So day 5 started out how each day has before, with a plan. We have learned here in Uganda, we are on "African time" which means plans and times change minute by minute. We heard that the pastor here at Canaan's son was in need of encouragement at his ministry. We got in the bus to go with only these instructions "no v necks or tank tops. We are going to a remote Muslim community". So we get in and the hear the trip may be more like 3 hours. We took a vote if we should continue and it was a split vote so our leader says let's go. The ride ended up being only about 2.5 hours so thank God. But it was quite interesting. We traveled to eastern uganda to a remote Muslim village called pallista. Along the way we aw mud round huts with straw tops, lots of women gathering water from well, shepherds, cattle herders, sugar cane growing, etc. we had one of our most near death experience when a cow ran out in front of us. Amazingly, ebus slammed and swerved just enough to barely clip his tail! We saw women laying cassava root on the side of the road to cook it. Definitely a different way of life. Once we arrived at pastor Samuels place, "to Africa with love" the kids ran out to greet us. We put a headband on every sweet head and a watch on every boy. The boys really wanted headbands too! They did a program of songs and skits for us.

Then Samuel told us stories of how some of the kids came to live at their children's home.
 ::Jamal was born with club feet and tuberculosis. He was thought to be demon possessed. His parents brought him to church and Samuel and his wife took him in. He had not been fed well, he was extremely malnourished and couldn't lift his head or hold himself up due to malnutrition.  Through series of surgeries, he has just learned to walk. He is about the size of a 12-15 month old and he is 3 1/2 years old. Ironically, his shirt said "I love my parents"

 ::Tybitas father wanted to sacrifice her by decapitation. They rescued her from her father. Tybita is the girl in stripes on the left. She only came to live at the home 2 months ago and only in the last few weeks has she started to trust Samuel and his wife. Surprisingly, she was very affectionate and smiled every now and then.

 ::Moses' mom died and dad was a drunk. They took him from the home. This morning the dad came to take him back and the boy ran, hid and cried. They will keep moses at the children's home.  Moses is the one in the stripes up front, purple headband. He was so sweet and snuggled on Ashley for a long time.

 We got to eat with pastor samuel and his wife they told us their neat story. Mercy and Samuel (the pastor and his wife) met in bible college. Mercy's mom was raped and conceived her. At 2 yrs old she started loving Jesus. By 8 she had a Vision that god wanted her to have a big church and take in orphans in her family. Now she ministers as a family to a remote muslim community with her husband.  Here she was, so excited about the things we brought for their home.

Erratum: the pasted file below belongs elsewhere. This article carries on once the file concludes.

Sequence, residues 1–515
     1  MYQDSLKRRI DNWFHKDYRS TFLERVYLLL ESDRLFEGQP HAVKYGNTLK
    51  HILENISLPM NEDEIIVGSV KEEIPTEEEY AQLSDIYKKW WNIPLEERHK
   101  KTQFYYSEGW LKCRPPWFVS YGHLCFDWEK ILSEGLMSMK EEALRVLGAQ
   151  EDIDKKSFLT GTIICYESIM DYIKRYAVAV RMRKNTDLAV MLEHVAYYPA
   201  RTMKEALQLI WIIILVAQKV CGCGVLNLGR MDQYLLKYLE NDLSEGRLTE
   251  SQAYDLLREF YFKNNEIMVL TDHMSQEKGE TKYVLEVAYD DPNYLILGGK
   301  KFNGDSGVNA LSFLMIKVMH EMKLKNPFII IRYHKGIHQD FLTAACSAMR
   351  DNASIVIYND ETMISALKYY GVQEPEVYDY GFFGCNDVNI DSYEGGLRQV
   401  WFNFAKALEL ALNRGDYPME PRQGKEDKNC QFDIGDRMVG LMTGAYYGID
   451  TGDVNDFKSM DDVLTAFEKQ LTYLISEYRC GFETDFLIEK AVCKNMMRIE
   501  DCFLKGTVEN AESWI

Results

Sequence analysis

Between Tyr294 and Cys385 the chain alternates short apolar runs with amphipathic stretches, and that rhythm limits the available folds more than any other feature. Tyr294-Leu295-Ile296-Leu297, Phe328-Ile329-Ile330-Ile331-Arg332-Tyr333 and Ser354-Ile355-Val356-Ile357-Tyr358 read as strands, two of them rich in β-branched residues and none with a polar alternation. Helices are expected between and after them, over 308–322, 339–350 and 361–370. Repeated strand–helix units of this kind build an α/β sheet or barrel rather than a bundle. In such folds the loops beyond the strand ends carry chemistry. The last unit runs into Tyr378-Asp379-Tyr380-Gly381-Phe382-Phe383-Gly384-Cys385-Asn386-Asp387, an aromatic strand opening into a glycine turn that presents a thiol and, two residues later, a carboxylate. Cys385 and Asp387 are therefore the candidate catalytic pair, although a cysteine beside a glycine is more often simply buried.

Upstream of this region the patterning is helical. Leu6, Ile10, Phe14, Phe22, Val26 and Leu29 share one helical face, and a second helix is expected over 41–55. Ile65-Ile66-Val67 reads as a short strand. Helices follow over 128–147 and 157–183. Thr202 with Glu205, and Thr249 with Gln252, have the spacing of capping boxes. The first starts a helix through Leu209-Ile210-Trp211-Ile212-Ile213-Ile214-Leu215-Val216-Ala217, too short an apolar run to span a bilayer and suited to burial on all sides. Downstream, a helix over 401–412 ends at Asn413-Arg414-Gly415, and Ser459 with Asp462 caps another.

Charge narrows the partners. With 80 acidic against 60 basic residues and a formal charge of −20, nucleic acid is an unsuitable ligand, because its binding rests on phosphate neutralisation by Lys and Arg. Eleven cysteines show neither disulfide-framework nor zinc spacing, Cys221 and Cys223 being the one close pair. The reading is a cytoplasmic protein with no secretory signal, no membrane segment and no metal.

Their church is near a mosque where the men will still beat their wives often to death if they change their religion. Sometimes the women sneak out of the house and sit in the back of the prayer meetings. Tonight at pastor samuel's church, they're having a prayer meeting from 6:00p-6:00 a. Their church is very makeshift. At first we pulled up and I was thinking, the church must be last this shack like building. Once I got in, I realized our view of church is often distorted. The walls are just sheets of wood and metal laid up against a frame.
But samuel says it's perfect bc the walls just come off and they can seat people outside if they have a night with a lot of people. The way church should be. Not exclusive. Not Bound by walls. But broadcasting the gospel.  This family is not only pastoring a church that has grown from 20 to 200, they've also taken in 30 children, but most surprisingly I think beyond that they're meeting one of the greatest needs of Uganda. The marriage crisis. Lasting marriages are rare here. Men typically leave, die, or have multiple wives. Pastor Samuel and mercy are having marriage seminars, married Sunday school classes, and preaching on the biblical mandate of what marriage is to be. I was so encouraged. Because we can feed and adopt and clothe orphans all day long, but until we address the source of the problem we cannot sustain. Marriage empowerment is orphan prevention. Samuel says "we mentor couples from the bedroom to the courtyard" from intimacy to child rearing. We left a donation and a bag of medicines, vitamins, pads, toothbrushes and toothpastes, etc. they were so encouraged. Samuel told us, last night with the children they prayed someone would come the next day. God heard and answered his prayers through our divine change of plans.

 That evening the kids at canaans out on a concert for us. 2 hours of song, dance, and bible verse reciting. It was amazing!